"What we're trying to really capture is a snapshot of what real life is like," he said, explaining that on top of regular addictions recovery treatment, the program will work to connect participants with health services, employment and housing.
Dr. John Weekes, director of knowledge mobilization for the Canadian Centre on Substance Use and Addiction and a professor of forensic psychology and substance use health at Carleton University, has worked supporting people in federal prisons who are struggling with substance use.
He said the approach Kell is proposing is critical to any recovery program.
"I fundamentally perceive substance use as a personal health and more broader public health issue," Weekes said.
"Addressing substance use alone without addressing other important need areas isn't addressing the full picture."
'Leave it good for the next guy'
During two separate stays in jail, Kell bunked with a man named Manie Daniels. They grew to be close friends, spending 23 hours a day together in their shared cell.
Daniels was Cree from Peepeekisis First Nation northeast of Regina. He was taken from his community as a young boy and sent to a residential school.
Like Kell, he struggled with addictions for most of his adult life, but Kell remembers something else about him.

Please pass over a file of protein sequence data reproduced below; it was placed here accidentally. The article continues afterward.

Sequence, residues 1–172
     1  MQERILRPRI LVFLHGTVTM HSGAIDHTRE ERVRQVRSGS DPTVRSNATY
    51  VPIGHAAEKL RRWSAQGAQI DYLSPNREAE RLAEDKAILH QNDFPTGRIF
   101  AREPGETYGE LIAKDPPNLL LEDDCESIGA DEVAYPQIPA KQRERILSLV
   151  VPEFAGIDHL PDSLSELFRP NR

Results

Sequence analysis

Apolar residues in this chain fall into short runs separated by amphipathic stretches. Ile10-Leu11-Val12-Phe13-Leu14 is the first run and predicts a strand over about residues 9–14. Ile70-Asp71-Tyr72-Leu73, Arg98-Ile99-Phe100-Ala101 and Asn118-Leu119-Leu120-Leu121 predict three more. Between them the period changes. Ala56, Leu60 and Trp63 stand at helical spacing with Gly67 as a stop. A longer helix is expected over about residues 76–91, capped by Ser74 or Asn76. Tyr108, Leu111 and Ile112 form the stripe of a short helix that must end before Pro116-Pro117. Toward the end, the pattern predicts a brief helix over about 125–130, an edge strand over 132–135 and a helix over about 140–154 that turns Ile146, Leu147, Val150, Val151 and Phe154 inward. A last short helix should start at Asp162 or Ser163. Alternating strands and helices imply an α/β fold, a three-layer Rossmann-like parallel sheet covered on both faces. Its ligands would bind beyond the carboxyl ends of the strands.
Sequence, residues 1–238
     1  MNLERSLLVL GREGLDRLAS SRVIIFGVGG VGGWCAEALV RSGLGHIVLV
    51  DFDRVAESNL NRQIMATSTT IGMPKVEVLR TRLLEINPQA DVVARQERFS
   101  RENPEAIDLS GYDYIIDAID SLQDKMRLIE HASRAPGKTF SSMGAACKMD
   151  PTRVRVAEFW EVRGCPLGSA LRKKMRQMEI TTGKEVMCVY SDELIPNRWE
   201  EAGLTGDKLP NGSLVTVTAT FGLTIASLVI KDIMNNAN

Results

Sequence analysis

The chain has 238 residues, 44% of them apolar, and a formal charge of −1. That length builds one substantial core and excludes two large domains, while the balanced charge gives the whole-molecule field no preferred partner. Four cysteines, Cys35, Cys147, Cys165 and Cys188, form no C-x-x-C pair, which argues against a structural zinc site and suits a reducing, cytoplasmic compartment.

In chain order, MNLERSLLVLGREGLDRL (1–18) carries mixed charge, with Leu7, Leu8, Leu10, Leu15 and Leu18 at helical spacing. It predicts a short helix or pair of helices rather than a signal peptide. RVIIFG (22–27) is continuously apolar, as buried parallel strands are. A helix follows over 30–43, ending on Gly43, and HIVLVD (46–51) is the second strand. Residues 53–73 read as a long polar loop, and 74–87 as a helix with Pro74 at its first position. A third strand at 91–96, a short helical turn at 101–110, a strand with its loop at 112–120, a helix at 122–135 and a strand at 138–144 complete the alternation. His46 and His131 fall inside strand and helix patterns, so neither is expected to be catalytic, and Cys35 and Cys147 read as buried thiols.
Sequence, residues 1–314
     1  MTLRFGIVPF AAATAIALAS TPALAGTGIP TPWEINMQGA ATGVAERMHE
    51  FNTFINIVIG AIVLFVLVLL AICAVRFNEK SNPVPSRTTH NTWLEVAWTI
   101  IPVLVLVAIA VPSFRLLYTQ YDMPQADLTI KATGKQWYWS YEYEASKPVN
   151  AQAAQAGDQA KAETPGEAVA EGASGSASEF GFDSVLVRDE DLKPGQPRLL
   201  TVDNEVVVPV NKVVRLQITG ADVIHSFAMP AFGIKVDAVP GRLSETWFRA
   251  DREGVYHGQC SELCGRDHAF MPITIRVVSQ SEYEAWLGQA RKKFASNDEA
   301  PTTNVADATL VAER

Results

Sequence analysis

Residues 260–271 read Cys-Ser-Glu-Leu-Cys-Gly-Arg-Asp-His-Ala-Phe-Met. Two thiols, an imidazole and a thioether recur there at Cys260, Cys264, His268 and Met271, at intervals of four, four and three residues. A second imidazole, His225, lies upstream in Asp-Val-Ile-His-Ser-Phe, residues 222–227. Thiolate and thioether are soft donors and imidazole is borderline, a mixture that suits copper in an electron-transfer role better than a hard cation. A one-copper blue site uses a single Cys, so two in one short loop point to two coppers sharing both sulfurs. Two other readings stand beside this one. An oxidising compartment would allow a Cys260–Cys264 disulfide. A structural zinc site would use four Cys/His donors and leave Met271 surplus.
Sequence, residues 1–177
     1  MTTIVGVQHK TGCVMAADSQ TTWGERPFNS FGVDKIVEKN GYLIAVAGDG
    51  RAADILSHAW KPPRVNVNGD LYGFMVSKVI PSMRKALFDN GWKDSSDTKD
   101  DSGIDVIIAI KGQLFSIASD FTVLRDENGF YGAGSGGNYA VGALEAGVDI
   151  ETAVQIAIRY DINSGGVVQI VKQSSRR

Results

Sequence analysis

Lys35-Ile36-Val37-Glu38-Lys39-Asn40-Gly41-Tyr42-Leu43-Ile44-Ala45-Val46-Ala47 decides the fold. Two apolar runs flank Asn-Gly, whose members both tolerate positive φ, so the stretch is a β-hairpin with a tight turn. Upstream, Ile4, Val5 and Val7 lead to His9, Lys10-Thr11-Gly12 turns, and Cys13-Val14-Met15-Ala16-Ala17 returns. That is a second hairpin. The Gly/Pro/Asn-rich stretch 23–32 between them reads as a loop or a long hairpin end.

"His main thing was, 'Leave it good for the next guy coming through,'" Kell said.
Kell befriended Manie Daniels when they shared a cell in jail. Daniels died from an overdose fewer than 48 hours after he was released in 2018. (Submitted)
When Kell got out on bail in 2018 to attend a treatment program at the Ottawa Booth Centre, he organized for a bed to be available for Daniels, who was keen to do the same.
Kell said Daniels's lawyer thought it would be better for him to finish the last few months of his sentence in jail and begin treatment after his release.
When Daniels got out, he decided to go home to Guelph, Ont., instead of meeting Kell in Ottawa. Fewer than 48 hours after he was released, Daniels died from an overdose.
"His death really cemented all of the reasons why intervention needs to be made available to people who are willing to make a change while they're incarcerated," Kell said.
Lord, Kell's lawyer, has had many clients die under similar circumstances.
"The greatest risk comes when someone with that addiction abstains from use for a long period of time while in custody, and if they use again then they can overdose quite easily," Lord said.
"They don't have the tools to avoid use when they're released, and so they fall back into the same cycle."
It's this cycle Kell is hoping to break and he plans to do so guided by Daniels's philosophy.
He hopes to open the facility named after his friend in March, but said there are still a number of hurdles to overcome before that will be possible, a big one being funding.
Kell said he plans to hire staff once the money comes through, but until then the program will operate informally, as it is now between Kell and Hutt, with "one addict helping another."